Now, turning to the balance between these two forces, it is clear that today the first one dominates, and thus we forecast negative growth in advanced economies for the rest of the year. But we see the balance shifting as the year progresses. We expect growth in advanced countries will become positive again in 2010 and return to something like its normal rate around the end of 2010.

It is important here to understand the implications of our forecast for unemployment. As long as growth is below its normal rate, then unemployment continues to increase, and, therefore, our forecasts imply that unemployment will crest only at the end of 2010 and then decrease after that. The historical evidence presented in the so-called analytical chapters of the WEO suggest that the recovery may actually be slower than usual, leading to a slow decrease in unemployment over time after 2010.

Now, turning to emerging and developing countries, because their average growth rate is higher on average than in advanced countries, they will see positive growth earlier--sometime this year--but return to normal in the end will ultimately depend on what happens in advanced economies.

To summarize, and just looking at the global picture, overall we expect the global economy to decline by 1.3 percent in 2009--this is year on year--the weakest performance by far of the whole post-war period. Growth would return in 2010, helped by strong policies, but would remain just under 2 percent, so still well below what we would see as a normal growth rate for the average for the year.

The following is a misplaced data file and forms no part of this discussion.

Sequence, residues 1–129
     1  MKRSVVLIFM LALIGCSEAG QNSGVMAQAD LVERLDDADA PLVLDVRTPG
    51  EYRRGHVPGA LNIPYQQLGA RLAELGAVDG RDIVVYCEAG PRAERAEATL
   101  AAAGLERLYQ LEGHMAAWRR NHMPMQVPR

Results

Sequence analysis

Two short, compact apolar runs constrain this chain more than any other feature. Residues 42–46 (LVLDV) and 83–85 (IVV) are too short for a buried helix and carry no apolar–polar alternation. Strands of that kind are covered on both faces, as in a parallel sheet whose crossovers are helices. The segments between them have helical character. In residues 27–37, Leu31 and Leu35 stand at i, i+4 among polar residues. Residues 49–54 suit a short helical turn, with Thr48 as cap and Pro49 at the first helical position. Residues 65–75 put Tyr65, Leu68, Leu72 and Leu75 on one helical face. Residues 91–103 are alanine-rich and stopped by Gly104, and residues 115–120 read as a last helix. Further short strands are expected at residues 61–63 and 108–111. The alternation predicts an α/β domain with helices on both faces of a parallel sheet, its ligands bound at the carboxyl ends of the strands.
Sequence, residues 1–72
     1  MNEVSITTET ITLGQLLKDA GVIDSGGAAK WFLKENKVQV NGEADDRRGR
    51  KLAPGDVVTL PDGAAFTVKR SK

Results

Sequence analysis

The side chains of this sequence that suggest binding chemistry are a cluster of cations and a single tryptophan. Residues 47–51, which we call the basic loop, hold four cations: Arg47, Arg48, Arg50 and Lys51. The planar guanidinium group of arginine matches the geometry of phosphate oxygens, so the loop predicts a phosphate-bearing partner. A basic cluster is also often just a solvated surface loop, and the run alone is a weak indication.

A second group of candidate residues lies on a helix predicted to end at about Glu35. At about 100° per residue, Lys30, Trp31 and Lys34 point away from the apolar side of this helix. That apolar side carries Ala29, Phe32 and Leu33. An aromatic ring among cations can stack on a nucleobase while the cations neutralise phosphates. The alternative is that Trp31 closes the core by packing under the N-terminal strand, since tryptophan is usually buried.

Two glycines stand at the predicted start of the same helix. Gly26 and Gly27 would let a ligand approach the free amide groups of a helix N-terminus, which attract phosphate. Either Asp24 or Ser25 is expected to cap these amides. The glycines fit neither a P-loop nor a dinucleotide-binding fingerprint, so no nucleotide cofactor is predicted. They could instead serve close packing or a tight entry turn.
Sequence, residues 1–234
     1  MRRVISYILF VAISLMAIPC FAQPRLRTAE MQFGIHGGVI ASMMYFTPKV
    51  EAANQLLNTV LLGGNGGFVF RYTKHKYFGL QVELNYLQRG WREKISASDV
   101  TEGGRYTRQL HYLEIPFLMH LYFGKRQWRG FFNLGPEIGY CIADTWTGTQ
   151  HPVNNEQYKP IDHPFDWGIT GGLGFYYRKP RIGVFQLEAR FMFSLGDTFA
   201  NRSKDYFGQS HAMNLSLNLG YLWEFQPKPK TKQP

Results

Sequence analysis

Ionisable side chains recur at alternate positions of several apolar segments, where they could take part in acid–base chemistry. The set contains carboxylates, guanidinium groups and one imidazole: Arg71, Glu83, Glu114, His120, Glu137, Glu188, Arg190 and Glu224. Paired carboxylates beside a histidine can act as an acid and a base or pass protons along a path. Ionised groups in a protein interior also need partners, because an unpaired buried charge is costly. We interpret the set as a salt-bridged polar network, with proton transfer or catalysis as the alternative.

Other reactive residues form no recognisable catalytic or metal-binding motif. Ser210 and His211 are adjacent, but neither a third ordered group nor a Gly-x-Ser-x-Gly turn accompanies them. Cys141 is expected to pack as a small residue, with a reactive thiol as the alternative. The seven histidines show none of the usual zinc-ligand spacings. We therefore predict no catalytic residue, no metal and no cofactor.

Shaping the balance between these two forces--the up one, the down one--and determining when the balance will tip is the state of the financial system and, thus, the measures taken to repair it. As was emphasized in the GFSR presentation yesterday, banks are still very much in the process of retrenching and tightening lending standards. Many securities markets are still poorly functioning, and the longer this goes on, the longer and the deeper will be the recession; and the longer and the deeper the recession, the worse will be the health of the financial system. Together these two feedbacks create the risk of a vicious cycle and a much worse outcome than we have in our baseline. And this is true not only for advanced countries, but it is also true for emerging and developing countries which are facing both a major drop in their exports and a sharp decrease in capital inflows. We see this as the main risk to our forecasts. As the GFSR report emphasized yesterday, this is a risk that must and can be avoided by strong financial policies from the isolation of toxic assets from the balance sheets of banks and other institutions to the recapitalization of undercapitalized financial institutions.